Once you know exactly how large or small your painting is, you can decide on the most appropriate shipping container. Even though the cost of shipping the painting might be a significant factor in deciding how you want to ship the artwork, it’s always better to prioritize safety and protection. It is much better to pay more and have the assurance that your delicate and valuable piece is going to arrive at its intended destination in one piece and in good condition.
According to the UPS website, it is best to ship unframed artwork larger than 48 x 48 inches in a wooden crate. The mailing service also recommends that framed pieces that exceed 18 x 24 inches are better off being shipped in a wooden crate, as well. In most cases, you are going to want to use a customized crate to make sure that the wrapped painting fits snugly into the container without leaving too much wiggle room.
There are many options when you are looking for a wooden crate builder. You can find out how to build your own customized wooden crate or use a specialist service. If you have time for a DIY project and are skilled in this area, it might be cheaper to build one for yourself. If you operate a gallery and have multiple art pieces to ship, it makes sense to outsource the crate-buildings stage.
The same applies to packaging the painting for shipment. This step is easy enough to do on your own using a few handy art and shipping materials. Alternatively, you can save time by outsourcing the painting packaging process as well. Most mailing services and specialist art logistics companies offer art packaging services as an add-on for anyone looking for convenience and professional packaging.
How to Package an Oil Painting for Shipping
Here are some of the most important packaging materials you may need, depending on the size and type of the painting:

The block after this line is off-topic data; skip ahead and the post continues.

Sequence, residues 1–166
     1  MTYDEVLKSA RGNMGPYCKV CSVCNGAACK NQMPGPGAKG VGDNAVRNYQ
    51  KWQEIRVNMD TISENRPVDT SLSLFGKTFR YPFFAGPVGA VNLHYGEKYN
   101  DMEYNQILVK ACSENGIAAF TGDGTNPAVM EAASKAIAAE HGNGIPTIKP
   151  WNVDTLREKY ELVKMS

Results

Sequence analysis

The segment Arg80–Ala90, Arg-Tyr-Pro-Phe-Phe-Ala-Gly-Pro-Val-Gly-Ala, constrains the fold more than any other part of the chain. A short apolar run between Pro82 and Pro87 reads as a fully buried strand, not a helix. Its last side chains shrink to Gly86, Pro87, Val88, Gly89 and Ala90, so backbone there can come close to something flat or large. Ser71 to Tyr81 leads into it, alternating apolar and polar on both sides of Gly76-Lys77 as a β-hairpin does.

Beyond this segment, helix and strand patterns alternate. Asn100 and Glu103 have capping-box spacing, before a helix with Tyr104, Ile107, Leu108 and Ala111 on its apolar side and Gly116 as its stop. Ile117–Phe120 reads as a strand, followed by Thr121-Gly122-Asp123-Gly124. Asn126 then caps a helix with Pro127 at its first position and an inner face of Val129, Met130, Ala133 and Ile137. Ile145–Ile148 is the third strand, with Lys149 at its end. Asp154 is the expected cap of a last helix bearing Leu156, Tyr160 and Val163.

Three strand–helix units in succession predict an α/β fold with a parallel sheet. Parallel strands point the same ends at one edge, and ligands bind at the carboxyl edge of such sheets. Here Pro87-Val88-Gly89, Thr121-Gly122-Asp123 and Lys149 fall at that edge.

- Acid-free artist tape
- Foam or cardboard protectors
- Sheets of cardboard
- Packing tape
- Bubble wrap
- Acid-free glassine paper
- Double- or triple-wall cardboard box
- ‘Fragile’ and ‘Handle with care’ shipping labels
As far as tools, you should have a pair of scissors and a tape measure. Some additional optional materials and tools you might want, depending on how you want to package your painting, include cling film and a shipping scale.
When you are packaging your painting for shipment, you should be very careful with how you do it. While the process necessitates that you handle the art piece a lot as you wrap it, secure it, cover it, and possibly roll it up, you must still do this with caution. It is not uncommon for a delicate painting to experience some damage during the packaging process, even before the art piece is collected or delivered for shipping.
Make sure that you avoid adding fingerprints to the painting’s surface. These can create unsightly blemishes on the surface of the artwork. If you are working with any high-gloss art, you need to use art-handling gloves made of either dustless nitrile or cotton.
Here are the stages you can follow to wrap your artwork for shipping: